|Bracing against the wind|
Friday, June 05, 2009
Tata and France's MDI.
The cars will get 125 miles per plug-in "charge", but the charge is not a battery or a fuel cell.
It's compressed air.
Using extreme air compression, ZPM's s technology might beat battery-driven vehicles on price, performance and time to market.
Indian consumers should see the new Air-Tata this year, Euro consumers might have to wait until MDI gets approval in 2010, but U.S. consumers, due to tougher crash-testing standards, might have to wait longer.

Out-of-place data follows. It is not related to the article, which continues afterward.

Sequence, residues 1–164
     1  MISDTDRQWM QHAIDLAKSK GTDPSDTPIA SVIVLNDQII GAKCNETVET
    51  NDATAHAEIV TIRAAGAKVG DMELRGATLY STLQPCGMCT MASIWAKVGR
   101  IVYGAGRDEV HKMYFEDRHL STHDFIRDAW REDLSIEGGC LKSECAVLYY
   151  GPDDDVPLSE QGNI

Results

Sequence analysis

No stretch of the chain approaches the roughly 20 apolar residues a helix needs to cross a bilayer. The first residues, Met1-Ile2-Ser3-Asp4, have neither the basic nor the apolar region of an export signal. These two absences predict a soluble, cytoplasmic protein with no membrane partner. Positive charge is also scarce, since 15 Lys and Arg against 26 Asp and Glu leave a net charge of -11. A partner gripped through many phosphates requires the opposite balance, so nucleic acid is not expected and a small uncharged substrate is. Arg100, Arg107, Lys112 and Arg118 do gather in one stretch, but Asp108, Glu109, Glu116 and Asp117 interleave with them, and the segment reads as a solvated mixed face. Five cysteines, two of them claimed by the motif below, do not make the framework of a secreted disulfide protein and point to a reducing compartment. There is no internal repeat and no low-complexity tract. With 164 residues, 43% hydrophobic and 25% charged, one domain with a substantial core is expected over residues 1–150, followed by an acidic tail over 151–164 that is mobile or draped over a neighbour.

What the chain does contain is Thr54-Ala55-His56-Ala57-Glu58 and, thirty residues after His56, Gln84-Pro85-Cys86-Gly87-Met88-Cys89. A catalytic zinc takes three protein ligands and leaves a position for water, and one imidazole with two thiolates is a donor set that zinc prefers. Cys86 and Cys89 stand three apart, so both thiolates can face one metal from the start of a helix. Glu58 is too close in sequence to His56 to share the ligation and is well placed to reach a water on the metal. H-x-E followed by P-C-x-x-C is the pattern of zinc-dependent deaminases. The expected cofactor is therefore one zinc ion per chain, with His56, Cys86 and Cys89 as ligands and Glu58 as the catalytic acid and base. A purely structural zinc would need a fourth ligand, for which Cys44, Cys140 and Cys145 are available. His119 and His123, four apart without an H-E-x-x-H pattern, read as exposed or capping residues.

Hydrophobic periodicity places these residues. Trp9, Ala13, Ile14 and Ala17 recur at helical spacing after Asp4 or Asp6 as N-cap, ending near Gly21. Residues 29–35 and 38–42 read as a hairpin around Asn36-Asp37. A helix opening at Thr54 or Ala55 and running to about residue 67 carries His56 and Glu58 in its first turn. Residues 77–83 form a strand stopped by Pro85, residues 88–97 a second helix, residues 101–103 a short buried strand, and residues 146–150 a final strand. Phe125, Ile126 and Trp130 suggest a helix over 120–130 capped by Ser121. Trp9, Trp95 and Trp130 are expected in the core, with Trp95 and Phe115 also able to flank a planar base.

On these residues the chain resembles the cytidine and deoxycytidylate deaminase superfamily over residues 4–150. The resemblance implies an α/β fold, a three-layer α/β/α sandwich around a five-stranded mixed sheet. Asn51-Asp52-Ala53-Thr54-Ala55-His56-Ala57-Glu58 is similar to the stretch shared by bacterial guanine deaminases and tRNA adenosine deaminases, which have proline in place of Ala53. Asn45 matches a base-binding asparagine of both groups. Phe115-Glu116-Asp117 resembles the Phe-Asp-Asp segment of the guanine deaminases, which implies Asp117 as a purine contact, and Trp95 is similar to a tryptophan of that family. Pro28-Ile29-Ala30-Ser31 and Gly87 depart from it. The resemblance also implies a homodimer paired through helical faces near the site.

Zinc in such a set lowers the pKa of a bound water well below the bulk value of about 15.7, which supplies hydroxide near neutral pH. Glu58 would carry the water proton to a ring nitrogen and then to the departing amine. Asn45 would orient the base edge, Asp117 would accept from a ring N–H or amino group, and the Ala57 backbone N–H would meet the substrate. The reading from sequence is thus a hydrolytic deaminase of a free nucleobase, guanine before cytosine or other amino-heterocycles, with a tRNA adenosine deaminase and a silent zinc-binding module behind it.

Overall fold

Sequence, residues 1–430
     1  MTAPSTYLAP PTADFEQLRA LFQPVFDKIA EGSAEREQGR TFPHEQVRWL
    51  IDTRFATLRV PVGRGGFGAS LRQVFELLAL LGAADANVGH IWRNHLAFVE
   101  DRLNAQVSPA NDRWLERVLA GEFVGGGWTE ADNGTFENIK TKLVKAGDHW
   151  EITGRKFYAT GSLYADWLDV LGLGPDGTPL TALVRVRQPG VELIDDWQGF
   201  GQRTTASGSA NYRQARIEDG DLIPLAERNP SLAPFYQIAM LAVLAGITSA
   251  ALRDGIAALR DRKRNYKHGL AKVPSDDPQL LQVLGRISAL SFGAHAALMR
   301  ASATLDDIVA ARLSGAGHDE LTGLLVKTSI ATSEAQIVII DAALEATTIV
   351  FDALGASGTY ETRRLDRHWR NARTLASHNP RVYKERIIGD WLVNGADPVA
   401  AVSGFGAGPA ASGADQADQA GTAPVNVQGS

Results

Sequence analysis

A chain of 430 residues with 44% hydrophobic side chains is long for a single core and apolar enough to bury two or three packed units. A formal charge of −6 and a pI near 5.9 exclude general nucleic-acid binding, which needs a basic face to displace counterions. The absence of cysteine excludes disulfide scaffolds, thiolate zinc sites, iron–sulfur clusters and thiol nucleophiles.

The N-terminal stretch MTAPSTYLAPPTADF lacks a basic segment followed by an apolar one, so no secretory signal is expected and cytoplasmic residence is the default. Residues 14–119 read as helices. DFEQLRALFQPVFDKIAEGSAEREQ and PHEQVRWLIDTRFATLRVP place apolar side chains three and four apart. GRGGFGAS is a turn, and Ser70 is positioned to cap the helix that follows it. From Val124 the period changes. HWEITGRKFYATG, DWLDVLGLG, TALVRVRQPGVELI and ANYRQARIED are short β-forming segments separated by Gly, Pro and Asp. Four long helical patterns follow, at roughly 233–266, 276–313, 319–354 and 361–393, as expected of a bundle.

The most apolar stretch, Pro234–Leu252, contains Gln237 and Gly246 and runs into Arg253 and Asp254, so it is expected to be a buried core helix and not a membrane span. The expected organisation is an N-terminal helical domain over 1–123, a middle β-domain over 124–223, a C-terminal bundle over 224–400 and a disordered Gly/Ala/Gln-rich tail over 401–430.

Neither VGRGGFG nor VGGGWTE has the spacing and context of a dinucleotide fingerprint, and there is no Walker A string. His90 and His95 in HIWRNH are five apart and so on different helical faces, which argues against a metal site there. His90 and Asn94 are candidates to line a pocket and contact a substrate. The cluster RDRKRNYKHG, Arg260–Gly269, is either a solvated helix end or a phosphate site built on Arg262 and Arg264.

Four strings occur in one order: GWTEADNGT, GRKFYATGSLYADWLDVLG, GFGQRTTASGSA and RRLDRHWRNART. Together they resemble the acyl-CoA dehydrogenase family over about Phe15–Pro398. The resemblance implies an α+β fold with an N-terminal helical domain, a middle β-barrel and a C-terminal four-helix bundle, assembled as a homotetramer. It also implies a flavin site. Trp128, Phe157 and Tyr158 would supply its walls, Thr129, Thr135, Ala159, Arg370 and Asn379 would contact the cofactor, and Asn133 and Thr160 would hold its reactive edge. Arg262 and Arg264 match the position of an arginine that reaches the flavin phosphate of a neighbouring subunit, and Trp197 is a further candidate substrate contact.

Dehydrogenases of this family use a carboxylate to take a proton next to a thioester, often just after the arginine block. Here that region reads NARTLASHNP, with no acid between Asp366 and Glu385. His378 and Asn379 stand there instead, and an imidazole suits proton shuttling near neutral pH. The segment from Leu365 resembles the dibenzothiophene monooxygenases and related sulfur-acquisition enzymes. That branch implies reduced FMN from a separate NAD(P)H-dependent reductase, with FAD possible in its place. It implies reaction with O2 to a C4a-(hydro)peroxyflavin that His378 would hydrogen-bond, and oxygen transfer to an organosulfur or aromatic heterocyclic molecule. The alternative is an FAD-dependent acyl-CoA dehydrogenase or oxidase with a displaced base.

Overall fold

ZPM claims their vehicle can be charged at an outlet within 7 minutes. They also have a duel-fuel version that compresses air as needed, similar to the way the Volt's serial-power drive train works.
Some experts believe that the heat-exchanger problems with compressed-air cars might prevent them from ever going mainstream. U.S. critics have claimed that ultralight cars like these cannot pass crash testing standards. Engineers also critique the efficiency of using air, as opposed to Li-Ion, as a storage medium with the resulting energy losses causing more electricity to be needed per KM.
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